Last week, Texas State’s newspaper, The University Star, found itself in the news; it had published an ill-advised column titled “Your DNA is an abomination.” With lines like, “ontologically speaking, white death will mean liberation for all,” inflammatory racialized language permeated the column.
In its apology to the student body, the editorial board said that the column’s author spoke of whiteness as a system of oppression rather than of white people. If one’s diatribe against a system can be taken as a call for genocide, it should not be published. The column’s divisive language outraged the student body, but the student body president’s response surpassed the article in foolhardiness.
Texas State immediately broke into a frenzy. The University Star received various death threats and the student body president Connor Clegg sought to censor the paper. Of these reactions, Clegg’s authoritarian zeal warrants the most ire. Amid the furor, he issued an ultimatum: Either the editors of the Star could resign, or he’d strip the paper of its student funding.
Gilbert Martinez, Texas State media law professor, insisted that targeting the Star violates the First Amendment. Frankly, I do not know whether Clegg and his fellow busybodies have the authority to defund the paper, but that isn’t the point here.
My qualms with Clegg are cultural, not legal. Clegg asserted that the column contains “ignorant, dated, and close-minded opinion(s).” I agree. But attempting to suppress the Star because it published a fringe, far-left column is even more ignorant, dated and close-minded than the column.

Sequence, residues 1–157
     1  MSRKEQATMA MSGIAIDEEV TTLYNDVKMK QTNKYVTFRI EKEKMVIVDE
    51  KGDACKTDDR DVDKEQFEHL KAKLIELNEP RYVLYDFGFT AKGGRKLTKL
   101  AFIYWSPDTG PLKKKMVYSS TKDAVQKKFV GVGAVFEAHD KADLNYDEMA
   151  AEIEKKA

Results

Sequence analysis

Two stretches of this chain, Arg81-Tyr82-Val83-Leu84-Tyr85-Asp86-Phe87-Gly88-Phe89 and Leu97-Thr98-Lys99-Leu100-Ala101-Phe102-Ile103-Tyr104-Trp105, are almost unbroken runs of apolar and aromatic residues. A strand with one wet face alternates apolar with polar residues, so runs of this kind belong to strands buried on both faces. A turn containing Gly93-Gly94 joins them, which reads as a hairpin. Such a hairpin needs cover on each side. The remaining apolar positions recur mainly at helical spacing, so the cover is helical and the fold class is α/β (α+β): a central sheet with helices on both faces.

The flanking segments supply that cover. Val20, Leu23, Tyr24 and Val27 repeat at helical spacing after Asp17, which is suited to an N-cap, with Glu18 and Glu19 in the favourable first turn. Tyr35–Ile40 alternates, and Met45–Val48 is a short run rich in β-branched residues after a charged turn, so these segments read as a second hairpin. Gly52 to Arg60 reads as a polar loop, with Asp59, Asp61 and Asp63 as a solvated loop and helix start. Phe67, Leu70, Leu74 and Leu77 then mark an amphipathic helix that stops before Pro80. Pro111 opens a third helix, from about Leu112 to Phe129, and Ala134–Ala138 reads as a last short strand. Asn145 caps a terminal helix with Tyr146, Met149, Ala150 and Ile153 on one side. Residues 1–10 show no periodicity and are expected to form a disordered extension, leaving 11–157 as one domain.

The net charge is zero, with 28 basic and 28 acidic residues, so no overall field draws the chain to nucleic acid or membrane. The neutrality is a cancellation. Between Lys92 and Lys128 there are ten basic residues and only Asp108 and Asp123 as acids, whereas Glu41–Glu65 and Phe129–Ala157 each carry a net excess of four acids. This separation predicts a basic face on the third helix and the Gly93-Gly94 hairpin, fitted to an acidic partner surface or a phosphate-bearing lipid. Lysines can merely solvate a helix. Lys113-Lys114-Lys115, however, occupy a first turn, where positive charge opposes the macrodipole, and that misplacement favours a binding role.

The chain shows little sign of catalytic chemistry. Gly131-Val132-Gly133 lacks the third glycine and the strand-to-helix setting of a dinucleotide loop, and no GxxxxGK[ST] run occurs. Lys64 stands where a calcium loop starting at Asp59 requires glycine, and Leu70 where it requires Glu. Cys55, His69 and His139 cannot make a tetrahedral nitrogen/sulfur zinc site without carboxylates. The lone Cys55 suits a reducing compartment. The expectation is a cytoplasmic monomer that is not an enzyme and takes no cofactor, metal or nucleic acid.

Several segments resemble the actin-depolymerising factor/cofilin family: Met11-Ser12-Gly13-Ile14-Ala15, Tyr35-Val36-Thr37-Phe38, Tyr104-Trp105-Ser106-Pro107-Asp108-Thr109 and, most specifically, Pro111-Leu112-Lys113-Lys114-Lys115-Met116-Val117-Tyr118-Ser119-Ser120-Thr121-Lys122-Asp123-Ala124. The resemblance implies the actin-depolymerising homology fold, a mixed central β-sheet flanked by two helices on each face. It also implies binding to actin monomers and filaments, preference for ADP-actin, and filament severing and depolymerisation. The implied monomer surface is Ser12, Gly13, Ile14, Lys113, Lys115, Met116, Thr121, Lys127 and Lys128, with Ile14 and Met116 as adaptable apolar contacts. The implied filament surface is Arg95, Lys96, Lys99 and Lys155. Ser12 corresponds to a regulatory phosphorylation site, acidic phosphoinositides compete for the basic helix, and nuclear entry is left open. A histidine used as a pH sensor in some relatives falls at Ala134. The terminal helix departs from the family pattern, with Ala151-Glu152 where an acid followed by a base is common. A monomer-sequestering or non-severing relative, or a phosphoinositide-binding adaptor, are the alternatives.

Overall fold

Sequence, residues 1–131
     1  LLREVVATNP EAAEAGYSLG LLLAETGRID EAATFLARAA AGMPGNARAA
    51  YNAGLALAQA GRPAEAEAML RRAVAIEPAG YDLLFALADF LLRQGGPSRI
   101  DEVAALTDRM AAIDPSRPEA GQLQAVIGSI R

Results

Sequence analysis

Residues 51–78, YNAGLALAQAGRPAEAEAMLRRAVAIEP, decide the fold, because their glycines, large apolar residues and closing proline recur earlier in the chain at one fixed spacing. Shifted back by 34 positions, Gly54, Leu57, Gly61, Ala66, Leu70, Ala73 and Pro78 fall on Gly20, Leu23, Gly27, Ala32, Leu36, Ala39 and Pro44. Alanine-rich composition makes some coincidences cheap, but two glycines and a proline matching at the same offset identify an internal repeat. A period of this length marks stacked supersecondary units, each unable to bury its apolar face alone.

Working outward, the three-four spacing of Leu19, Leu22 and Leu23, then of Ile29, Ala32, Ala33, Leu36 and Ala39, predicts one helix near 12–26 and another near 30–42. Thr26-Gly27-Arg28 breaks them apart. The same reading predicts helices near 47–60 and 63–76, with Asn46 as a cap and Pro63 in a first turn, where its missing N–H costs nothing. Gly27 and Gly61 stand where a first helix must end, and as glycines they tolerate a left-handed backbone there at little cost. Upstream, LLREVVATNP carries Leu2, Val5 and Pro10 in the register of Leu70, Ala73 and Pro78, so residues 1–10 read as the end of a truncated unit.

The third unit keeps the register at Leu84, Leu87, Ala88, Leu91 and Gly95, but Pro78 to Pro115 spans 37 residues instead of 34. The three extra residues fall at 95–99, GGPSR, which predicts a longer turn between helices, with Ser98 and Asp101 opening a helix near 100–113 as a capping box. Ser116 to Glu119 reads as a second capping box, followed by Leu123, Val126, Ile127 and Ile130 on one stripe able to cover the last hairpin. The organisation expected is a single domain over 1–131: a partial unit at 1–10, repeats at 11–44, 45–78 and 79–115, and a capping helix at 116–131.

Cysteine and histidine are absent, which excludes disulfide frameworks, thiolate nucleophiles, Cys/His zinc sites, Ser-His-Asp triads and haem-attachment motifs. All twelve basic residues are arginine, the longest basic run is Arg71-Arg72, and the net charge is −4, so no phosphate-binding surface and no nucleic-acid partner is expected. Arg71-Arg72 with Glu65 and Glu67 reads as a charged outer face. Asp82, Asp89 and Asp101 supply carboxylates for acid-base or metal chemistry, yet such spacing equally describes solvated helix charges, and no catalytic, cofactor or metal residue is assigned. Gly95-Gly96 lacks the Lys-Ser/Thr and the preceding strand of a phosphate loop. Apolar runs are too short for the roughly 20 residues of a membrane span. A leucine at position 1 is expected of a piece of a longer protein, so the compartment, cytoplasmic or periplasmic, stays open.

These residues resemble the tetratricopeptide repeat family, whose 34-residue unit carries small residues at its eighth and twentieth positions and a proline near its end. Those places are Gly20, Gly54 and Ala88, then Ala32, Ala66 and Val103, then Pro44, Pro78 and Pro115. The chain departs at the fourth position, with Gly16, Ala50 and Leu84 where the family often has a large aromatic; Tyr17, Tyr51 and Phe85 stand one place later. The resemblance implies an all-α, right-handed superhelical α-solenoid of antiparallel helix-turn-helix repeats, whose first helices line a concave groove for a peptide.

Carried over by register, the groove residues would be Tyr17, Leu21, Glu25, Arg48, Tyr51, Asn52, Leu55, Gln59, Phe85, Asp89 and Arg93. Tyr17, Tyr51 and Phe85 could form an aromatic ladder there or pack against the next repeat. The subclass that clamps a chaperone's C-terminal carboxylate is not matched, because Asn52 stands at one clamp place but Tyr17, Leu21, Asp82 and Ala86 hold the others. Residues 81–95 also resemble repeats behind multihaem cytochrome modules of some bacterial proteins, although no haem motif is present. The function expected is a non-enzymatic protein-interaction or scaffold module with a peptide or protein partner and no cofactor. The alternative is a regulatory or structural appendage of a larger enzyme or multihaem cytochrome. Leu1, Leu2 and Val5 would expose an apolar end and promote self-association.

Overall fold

Muzzling the press makes students ignorant because it closes their minds to new ideas. And governments, student or otherwise, have been trying to intimidate publications for hundreds of years.
“In the South, pre-Civil War, there were publications banned because they were considered inflammatory. That is, they might lead people to want to overthrow slavery,” said UT journalism professor Robert Jensen.
When Clegg warned that “(The Star) can’t hide behind the First Amendment when we are all supporting them financially,” I was instantly reminded of The Daily Texan’s history.
In 1974, UT Regent Frank Erwin persuaded the Board of Regents to cut off the Texan’s funding, saying, “We do not fund anything that we can’t control.” The next day, those nine words alone plastered the front page of the Texan. Students organized protests and petitions, and the regents rescinded the opinion.
The two quotes, 43 years apart, share similar themes: silencing dissenting voices and quashing a free, independent press. A free, independent press cannot be controlled. Otherwise, it’s not free, and it’s not definitely not independent.
If Clegg continues down this authoritarian path, The University Star should run a 13-word front page with an eerie line: “They cannot hide behind the First Amendment when we are supporting them financially.”
“I think we agree on this,” Jensen said, “I think that trying to somehow shut down the student newspaper is stupid.” Intimidating the press is far more abominable than publishing a bad column. I should know — I’ve written a few.
Howell is a history sophomore from Dallas.